Wearables – A New Name for a Not-So-New Idea
It seems that new wearable technology devices like smart watches and fitness trackers go on the market every week, but the idea of wearing something to improve our health or lifestyle certainly isn’t a new concept. Think how hearing aids add immeasurably to the lives of those with hearing loss, or how a simple pair of “cheater” eyeglasses allow those of us who aren’t quite ready for prescription lenses or laser eye surgery to see more clearly.
The big difference with new wearable technology is the collection and exchange of information between you, your wearable, and your smart device (i.e. smart phone). This active exchange of data – information about your heart rate, activity level, posture, form, etc. – makes it possible for you to adjust and improve for better health, more efficient athletic performance, and overall enhanced well-being.
Different Types of Wearables – Which is Right for You?
The most popular wearable devices in the U.S. by far are the wide variety of fitness trackers available now. Some early fitness trackers and apps required you to enter information about how long and how strenuously you exercised, and how much sleep you got, but many of today’s trackers will log that information and more, and store it for you to review later – all designed to help you monitor your health and wellness goals over time.
Fitness trackers can perform simple tasks like reminding you to stand or move throughout your day or to drink more water. Some count the number of steps you take, encourage you when you’re falling behind your daily goal, and motivate you to cover more distance. Many fitness trackers can be paired with weight loss and exercise apps to double the effectiveness of your device. You can tailor the combination to meet your personal needs.
Smart watches have fitness applications too, but they are generally limited to heart rate monitor and pedometer functions. Smart watches are best for providing information and notifications, and lend themselves to some sports and activities more than others. For example, if you enjoy hiking or scuba diving, you’ll find smart watches that monitor current conditions and can alert you to changes in weather or temperature, help with navigation, and stay attuned to your basic vital signs.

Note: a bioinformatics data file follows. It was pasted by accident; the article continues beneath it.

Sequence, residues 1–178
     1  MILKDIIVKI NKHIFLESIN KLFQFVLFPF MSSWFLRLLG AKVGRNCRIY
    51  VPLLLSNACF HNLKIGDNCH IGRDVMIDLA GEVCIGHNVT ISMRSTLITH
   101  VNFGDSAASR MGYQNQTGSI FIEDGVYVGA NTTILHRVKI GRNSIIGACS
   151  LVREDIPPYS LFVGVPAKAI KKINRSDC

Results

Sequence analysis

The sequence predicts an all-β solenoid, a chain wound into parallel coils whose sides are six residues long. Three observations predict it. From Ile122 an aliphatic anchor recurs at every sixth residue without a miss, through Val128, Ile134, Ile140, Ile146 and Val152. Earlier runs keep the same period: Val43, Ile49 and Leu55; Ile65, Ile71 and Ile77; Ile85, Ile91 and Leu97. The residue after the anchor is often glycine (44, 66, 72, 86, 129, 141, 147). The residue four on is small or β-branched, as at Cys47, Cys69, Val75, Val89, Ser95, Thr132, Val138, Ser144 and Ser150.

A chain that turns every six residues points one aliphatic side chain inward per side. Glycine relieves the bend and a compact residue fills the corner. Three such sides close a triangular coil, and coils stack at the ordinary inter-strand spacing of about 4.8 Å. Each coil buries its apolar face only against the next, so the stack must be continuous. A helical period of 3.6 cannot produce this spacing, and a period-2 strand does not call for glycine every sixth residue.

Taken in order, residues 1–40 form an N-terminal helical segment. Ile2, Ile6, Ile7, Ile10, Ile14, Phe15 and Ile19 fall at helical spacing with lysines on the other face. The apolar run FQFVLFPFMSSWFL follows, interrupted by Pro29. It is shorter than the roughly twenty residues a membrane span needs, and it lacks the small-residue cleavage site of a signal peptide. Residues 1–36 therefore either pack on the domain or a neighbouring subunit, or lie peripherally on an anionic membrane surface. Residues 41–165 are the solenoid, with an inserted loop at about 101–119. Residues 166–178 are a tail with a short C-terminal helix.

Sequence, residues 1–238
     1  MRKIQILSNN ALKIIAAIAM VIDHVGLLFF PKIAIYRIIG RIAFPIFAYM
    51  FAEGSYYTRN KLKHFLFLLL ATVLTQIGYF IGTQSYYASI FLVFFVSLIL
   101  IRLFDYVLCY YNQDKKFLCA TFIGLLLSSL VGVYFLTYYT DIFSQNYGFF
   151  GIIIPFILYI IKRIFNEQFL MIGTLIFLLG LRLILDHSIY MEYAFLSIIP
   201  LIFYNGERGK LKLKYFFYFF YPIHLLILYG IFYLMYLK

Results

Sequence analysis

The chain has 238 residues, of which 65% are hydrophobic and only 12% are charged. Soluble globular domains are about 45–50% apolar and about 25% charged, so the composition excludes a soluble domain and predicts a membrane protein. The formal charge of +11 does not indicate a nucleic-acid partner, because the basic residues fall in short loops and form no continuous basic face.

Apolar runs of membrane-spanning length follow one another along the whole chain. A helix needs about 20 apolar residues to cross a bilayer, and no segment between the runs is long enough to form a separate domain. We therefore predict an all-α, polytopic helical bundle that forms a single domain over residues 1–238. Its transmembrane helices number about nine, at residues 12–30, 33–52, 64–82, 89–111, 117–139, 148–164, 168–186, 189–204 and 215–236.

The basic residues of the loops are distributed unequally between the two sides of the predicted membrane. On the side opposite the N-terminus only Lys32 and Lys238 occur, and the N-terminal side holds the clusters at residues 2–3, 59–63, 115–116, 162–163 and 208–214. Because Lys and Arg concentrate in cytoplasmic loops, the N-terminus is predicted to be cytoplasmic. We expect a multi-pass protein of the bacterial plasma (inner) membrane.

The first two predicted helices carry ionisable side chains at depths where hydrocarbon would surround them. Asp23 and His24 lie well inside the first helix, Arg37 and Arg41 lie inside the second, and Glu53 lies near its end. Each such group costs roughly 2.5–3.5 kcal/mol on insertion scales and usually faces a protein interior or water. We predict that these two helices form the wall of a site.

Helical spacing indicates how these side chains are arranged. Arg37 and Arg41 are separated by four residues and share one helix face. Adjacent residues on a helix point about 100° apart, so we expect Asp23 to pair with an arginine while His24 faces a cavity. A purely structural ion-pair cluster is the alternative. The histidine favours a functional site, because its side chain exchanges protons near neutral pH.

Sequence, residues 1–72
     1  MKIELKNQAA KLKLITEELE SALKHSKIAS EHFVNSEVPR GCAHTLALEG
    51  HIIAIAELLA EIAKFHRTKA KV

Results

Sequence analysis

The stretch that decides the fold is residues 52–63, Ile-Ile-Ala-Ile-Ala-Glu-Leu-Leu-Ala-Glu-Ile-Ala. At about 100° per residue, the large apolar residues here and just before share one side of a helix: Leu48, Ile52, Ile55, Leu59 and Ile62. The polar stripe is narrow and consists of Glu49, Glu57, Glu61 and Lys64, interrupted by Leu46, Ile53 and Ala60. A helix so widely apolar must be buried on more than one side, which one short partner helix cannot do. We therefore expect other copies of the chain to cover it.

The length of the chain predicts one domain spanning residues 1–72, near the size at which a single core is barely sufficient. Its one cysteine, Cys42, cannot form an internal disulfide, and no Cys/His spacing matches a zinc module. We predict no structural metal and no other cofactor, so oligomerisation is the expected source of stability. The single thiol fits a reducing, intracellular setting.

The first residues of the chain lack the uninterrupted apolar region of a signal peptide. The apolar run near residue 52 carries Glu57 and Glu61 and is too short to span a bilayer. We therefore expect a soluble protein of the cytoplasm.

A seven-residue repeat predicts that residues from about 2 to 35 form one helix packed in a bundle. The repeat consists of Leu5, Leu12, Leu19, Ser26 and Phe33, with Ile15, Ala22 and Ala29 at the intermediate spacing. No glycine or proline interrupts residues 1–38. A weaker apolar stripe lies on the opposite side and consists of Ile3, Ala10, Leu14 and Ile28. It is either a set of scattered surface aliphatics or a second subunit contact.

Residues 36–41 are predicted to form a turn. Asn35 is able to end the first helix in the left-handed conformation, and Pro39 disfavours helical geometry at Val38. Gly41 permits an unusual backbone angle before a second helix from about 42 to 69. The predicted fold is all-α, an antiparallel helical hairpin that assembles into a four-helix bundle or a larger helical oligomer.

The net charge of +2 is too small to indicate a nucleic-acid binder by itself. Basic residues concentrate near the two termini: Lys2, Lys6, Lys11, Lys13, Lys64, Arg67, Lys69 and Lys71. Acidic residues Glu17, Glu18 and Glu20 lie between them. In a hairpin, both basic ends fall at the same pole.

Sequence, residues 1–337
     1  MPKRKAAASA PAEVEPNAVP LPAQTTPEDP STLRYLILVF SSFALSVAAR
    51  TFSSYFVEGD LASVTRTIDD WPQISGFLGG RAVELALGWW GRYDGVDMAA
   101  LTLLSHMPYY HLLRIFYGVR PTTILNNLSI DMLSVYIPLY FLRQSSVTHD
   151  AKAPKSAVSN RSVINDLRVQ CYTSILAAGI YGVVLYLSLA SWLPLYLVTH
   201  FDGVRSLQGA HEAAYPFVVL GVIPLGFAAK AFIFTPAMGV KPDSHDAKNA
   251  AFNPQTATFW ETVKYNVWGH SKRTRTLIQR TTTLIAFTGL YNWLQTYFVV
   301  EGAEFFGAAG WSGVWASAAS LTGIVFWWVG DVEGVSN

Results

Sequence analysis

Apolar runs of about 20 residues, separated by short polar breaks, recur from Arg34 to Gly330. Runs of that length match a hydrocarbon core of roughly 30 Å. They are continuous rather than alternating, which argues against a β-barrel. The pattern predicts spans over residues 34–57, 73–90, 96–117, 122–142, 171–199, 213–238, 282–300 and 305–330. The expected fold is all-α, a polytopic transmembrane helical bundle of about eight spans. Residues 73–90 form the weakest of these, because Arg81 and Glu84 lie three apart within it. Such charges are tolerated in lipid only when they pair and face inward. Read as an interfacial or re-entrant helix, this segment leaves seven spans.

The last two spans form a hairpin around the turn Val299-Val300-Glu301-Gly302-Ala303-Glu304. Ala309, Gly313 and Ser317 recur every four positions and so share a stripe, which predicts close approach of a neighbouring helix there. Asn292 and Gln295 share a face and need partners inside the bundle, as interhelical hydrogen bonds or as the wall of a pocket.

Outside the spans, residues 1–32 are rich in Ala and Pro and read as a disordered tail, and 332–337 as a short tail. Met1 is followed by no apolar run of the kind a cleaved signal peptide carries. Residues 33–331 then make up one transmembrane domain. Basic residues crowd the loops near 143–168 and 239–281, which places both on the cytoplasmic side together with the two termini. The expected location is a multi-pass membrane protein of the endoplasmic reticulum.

Some smart watches can help keep you safe if you live alone. In fact, a new version of one of the most popular smart watches now features a fall sensor. If you fall while wearing the watch and the device doesn’t sense that you’ve moved since the fall, it will call for help. Like fitness trackers, there is some programming and setup involved to take full advantage of each device’s features, but in the case of a fall sensor, it could be a lifesaver.
Smart clothing exists in many forms including shoes with self-tying laces, jackets that heat up or cool down, and dresses that change color. Yoga enthusiasts can even find gear that corrects their form while exercising. Tiny electronic sensors between layers of fabric produce vibrations across the body part that is out of alignment, encouraging you to move your hip forward, or point your foot in a different direction.
Pros and Cons of Wearables
Wearables like fitness trackers are helping many individuals move more, eat less, get more sleep, and generally be more tuned in to their health and where they may need to make changes or improvements. Physicians are using wearables to monitor patients more closely after illness or surgery, and finding that wearables provide real time opportunities to adjust treatment recommendations based on the patient’s recovery.
One of the primary downfalls of wearables is that exchange of information mentioned earlier. Health data gathered in a doctor’s office or hospital is protected, but data gathered from a fitness tracker or smart watch may not be as safe. Wearables users need to be knowledgeable about who can see their data and how it’s being used. Just like online shopping or banking, there are risks to “putting yourself out there” especially when it comes to possibly sensitive medical information.
Another possible drawback is the inaccuracy of information provided by wearable technology. If your wearable pedometer is off a step or two, it’s not a big deal. But if you’re counting on a fitness tracker to accurately report your heart rate or blood pressure and the numbers are off, you could be at risk for overexertion, injury, or worse.
Like any new, shiny toy, many people report using their smart watch or fitness tracker for a short time, and then losing interest when the device becomes inconvenient to use. If you’re planning on purchasing a wearable, be sure to look at important features like battery life, water resistance, ease of use, appearance, and comfort to ensure you’ll get the most out of your investment and be satisfied with your new device.
The Future of Wearables
Wearables are very big business in the U.S. In fact, U.S. revenue in the wearables segment is expected to reach nearly $13 million in 2018, and expected to grow at 4.7% annually for the next five years. The possibilities for new types of wearables designed to work with other smart devices are nearly limitless – dependent only on the imagination of manufacturers, device makers, and public demand. Take a look at the myriad wearable devices available, and explore how a fitness tracker or smart watch might fit into your health and wellness routine.
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